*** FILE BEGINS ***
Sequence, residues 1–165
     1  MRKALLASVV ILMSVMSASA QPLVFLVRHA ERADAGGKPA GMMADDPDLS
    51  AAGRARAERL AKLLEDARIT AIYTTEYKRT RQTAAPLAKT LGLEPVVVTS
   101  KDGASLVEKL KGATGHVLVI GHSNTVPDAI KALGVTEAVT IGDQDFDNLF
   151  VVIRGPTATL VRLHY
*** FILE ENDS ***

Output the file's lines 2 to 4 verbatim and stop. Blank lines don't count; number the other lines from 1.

     1  MRKALLASVV ILMSVMSASA QPLVFLVRHA ERADAGGKPA GMMADDPDLS
    51  AAGRARAERL AKLLEDARIT AIYTTEYKRT RQTAAPLAKT LGLEPVVVTS
   101  KDGASLVEKL KGATGHVLVI GHSNTVPDAI KALGVTEAVT IGDQDFDNLF